# Introduction to RKeOps

## 2023-03-31

Licence and Copyright: see https://github.com/getkeops/keops/blob/main/licence.txt

Authors

Please contact us for any **bug report**, **question** or **feature
request** by filing a report on our GitHub issue
tracker!

**Core library - KeOps, PyKeOps, KeOpsLab:**

Benjamin Charlier, from the University of Montpellier.

Jean Feydy, from Inria.

Joan Alexis Glaunès, from the University of Paris.

**R bindings - RKeOps:**

Amelie Vernay, from the University of Montpellier.

Ghislain Durif, from CNRS.

**Contributors:**

François-David Collin, from the University of Montpellier: Tensordot operation, CI setup.

Tanguy Lefort, from the University of Montpellier: conjugate gradient solver.

Mauricio Diaz, from Inria of Paris: CI setup.

Benoît Martin, from the Aramis Inria team: multi-GPU support.

Francis Williams, from New York University: maths operations.

Kshiteej Kalambarkar, from Quansight: maths operations.

D. J. Sutherland, from the TTI-Chicago: bug fix in the Python package.

David Völgyes, from the Norwegian Institute of Science and Technology: bug fix in the formula parser.

Beyond explicit code contributions, KeOps has grown out of numerous discussions with applied mathematicians and machine learning experts. We would especially like to thank Alain Trouvé, Stanley Durrleman, Gabriel Peyré and Michael Bronstein for their valuable suggestions and financial support.

Citation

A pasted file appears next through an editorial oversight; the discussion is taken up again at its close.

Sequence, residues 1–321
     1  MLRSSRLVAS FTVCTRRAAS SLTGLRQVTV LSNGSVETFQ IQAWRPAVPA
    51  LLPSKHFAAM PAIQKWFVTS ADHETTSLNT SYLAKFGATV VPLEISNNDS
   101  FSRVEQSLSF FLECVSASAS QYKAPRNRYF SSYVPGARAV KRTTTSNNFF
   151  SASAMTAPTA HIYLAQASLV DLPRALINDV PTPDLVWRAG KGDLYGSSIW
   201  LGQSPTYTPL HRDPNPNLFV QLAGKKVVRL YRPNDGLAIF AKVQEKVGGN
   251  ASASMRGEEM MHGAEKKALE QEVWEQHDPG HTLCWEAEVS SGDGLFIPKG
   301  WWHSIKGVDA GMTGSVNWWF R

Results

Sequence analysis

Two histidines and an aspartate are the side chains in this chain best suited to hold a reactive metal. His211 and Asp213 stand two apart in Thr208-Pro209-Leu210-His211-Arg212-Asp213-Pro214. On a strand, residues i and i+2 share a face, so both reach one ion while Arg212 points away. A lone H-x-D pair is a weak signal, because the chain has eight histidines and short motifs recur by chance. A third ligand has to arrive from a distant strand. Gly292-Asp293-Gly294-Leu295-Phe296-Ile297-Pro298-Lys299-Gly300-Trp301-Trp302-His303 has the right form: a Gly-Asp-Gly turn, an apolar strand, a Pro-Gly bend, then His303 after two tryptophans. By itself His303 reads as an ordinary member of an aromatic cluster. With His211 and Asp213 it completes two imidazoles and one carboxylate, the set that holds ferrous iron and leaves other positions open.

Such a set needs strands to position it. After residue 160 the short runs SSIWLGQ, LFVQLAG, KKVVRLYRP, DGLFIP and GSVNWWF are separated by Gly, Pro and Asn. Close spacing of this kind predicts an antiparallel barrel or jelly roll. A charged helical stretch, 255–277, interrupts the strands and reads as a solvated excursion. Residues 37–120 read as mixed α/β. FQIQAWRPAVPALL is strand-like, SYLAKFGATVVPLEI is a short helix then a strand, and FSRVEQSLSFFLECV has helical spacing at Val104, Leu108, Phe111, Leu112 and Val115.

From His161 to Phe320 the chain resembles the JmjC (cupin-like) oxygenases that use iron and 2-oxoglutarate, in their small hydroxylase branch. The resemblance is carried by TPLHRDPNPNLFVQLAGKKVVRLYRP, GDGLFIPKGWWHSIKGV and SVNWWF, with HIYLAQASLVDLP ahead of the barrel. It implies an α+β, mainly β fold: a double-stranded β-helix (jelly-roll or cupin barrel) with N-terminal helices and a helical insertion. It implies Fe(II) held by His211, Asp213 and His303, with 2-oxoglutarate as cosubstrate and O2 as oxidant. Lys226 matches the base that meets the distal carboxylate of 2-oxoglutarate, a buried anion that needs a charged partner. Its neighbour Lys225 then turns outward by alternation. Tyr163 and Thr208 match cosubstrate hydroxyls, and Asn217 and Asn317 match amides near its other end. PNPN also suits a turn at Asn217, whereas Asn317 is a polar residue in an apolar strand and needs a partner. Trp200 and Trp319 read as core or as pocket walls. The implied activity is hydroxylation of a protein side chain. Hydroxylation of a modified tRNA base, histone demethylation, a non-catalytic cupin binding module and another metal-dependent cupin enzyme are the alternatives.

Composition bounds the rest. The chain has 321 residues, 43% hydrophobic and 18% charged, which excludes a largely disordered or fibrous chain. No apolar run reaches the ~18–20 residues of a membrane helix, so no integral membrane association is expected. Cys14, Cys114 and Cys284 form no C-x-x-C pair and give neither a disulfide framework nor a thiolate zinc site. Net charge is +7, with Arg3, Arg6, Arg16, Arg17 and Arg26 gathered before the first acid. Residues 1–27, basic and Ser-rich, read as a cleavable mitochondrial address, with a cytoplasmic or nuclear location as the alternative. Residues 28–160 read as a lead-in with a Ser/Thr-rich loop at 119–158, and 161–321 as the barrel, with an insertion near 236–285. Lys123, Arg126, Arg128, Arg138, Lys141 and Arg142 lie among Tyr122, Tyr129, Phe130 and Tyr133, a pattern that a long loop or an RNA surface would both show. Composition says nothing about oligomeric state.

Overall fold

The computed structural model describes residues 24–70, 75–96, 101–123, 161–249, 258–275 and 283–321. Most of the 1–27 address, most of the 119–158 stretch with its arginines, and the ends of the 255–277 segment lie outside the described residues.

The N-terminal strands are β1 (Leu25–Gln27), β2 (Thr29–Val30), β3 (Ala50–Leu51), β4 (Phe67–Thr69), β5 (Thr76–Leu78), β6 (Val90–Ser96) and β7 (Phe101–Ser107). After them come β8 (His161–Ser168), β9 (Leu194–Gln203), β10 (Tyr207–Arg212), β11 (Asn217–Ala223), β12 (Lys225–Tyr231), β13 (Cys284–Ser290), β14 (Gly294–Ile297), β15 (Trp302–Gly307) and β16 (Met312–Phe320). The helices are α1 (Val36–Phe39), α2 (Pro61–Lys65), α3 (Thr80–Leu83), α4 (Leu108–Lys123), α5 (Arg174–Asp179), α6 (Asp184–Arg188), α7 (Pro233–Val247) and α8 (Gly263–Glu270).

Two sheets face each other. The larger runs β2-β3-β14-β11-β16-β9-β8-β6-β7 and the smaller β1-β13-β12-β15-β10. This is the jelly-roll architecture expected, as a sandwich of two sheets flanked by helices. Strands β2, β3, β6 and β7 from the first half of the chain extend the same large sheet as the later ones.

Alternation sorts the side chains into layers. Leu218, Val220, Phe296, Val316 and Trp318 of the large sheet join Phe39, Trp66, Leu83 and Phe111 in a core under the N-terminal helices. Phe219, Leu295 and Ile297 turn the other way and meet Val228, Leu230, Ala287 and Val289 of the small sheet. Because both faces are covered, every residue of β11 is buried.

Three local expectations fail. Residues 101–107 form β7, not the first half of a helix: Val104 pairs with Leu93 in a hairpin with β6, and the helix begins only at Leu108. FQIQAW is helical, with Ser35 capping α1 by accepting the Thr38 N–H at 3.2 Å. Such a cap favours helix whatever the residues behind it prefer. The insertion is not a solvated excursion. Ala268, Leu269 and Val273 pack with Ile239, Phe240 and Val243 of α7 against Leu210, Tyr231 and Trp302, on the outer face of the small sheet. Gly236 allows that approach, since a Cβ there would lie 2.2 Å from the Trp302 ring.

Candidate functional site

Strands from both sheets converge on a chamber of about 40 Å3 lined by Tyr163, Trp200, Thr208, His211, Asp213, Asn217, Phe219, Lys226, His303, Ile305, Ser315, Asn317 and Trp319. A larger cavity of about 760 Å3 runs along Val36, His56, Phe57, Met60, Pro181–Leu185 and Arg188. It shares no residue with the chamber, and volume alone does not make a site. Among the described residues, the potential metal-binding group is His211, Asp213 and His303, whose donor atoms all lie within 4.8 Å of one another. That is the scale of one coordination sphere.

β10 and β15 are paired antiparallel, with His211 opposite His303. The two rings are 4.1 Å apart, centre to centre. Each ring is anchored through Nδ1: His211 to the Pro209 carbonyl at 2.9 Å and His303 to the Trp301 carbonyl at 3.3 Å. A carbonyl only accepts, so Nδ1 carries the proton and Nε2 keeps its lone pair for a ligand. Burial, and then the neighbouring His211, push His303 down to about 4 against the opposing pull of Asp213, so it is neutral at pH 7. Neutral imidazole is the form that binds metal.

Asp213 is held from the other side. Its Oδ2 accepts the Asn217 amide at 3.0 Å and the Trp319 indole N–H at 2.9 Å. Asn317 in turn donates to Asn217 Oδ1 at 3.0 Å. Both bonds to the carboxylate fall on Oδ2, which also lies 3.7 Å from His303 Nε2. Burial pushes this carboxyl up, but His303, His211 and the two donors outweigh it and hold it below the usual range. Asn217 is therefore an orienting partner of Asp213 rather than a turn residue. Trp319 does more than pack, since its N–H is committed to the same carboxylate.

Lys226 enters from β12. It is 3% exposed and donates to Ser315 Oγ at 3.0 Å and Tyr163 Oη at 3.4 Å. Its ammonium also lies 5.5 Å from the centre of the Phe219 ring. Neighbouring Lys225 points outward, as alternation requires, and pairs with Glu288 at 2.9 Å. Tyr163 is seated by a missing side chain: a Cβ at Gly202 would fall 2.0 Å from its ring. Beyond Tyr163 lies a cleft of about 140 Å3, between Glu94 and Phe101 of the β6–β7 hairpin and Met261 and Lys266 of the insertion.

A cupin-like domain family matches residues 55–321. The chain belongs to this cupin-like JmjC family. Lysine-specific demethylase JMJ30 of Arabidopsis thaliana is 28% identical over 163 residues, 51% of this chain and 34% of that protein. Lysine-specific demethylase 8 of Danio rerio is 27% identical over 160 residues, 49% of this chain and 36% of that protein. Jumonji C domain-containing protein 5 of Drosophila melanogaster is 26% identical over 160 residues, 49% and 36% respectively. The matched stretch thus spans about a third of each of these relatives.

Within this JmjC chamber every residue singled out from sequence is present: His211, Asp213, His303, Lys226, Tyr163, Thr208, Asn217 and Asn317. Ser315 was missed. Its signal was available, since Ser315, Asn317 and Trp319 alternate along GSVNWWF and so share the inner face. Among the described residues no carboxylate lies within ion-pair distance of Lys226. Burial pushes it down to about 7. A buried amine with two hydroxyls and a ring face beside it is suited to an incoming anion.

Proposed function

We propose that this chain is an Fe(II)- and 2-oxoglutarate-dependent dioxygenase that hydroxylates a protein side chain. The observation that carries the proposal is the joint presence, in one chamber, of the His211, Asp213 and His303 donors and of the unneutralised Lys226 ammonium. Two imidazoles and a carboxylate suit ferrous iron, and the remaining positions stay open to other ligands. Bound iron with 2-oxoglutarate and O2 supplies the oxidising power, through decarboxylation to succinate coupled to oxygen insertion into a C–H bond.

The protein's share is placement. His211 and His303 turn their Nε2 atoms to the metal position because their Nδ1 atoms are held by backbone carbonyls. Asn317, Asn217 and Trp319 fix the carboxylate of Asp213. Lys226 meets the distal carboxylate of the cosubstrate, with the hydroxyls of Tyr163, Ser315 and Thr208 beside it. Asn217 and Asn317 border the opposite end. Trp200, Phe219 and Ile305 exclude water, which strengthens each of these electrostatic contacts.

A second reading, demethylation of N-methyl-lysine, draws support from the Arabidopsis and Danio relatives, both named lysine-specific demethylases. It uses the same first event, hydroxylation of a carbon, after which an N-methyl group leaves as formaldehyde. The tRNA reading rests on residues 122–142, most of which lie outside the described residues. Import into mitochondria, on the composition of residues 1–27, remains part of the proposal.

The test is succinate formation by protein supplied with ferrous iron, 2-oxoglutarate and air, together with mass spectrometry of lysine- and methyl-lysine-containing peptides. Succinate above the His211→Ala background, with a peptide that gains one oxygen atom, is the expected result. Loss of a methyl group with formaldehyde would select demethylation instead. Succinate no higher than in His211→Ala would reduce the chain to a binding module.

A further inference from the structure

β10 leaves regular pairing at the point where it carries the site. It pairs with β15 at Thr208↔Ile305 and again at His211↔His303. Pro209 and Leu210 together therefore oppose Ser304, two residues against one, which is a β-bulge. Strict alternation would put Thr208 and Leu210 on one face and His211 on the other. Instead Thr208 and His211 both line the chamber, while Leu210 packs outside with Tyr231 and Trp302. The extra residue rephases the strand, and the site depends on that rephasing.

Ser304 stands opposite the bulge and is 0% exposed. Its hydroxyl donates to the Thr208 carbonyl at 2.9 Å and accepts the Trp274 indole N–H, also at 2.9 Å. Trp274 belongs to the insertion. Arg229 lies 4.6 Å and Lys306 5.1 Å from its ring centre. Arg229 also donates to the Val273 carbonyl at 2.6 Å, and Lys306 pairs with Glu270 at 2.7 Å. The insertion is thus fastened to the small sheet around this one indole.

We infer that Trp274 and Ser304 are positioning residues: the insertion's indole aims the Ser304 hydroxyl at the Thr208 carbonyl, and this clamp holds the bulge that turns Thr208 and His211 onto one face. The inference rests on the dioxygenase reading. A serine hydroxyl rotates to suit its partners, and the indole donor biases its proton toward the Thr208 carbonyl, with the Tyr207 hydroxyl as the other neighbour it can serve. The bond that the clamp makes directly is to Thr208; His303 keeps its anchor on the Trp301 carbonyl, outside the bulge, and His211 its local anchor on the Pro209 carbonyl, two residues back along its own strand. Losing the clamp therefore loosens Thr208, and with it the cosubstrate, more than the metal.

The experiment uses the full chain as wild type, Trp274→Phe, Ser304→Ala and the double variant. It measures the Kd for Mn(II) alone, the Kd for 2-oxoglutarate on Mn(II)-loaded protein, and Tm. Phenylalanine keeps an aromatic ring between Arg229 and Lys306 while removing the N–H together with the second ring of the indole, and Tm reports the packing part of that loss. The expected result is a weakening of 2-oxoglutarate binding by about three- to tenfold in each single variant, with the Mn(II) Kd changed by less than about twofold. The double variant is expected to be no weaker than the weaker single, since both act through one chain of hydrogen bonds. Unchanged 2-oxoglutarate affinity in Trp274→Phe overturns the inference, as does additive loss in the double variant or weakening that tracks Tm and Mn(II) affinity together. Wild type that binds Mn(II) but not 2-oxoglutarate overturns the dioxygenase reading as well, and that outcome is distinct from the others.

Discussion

If you use this code in a research paper, **please cite** our
original publication:

Charlier, B., Feydy, J., Glaunès, J. A., Collin, F.-D. & Durif, G. Kernel Operations on the GPU, with Autodiff, without Memory Overflows. Journal of Machine Learning Research 22, 1–6 (2021).

```
@article{JMLR:v22:20-275,
author = {Benjamin Charlier and Jean Feydy and Joan Alexis Glaunès and François-David Collin and Ghislain Durif},
title = {Kernel Operations on the GPU, with Autodiff, without Memory Overflows},
journal = {Journal of Machine Learning Research},
year = {2021},
volume = {22},
number = {74},
pages = {1-6},
url = {http://jmlr.org/papers/v22/20-275.html}
}
```

For applications to **geometric (deep) learning**, you may also
consider our NeurIPS 2020
paper:

```
@article{feydy2020fast,
title={Fast geometric learning with symbolic matrices},
author={Feydy, Jean and Glaun{\`e}s, Joan and Charlier, Benjamin and Bronstein, Michael},
journal={Advances in Neural Information Processing Systems},
volume={33},
year={2020}
}
```

What is RKeOps?

RKeOps is the R package interfacing the KeOps library. Here you can find a few slides explaining functionalities of the KeOps library.

The KeOps library (http://www.kernel-operations.io) provides routines to compute generic reductions of large 2d arrays whose entries are given by a mathematical formula. Using a C++/CUDA-based implementation with GPU support, it combines a tiled reduction scheme with an automatic differentiation engine. Relying on online map-reduce schemes, it is perfectly suited to the scalable computation of kernel dot products and the associated gradients, even when the full kernel matrix does not fit into the GPU memory.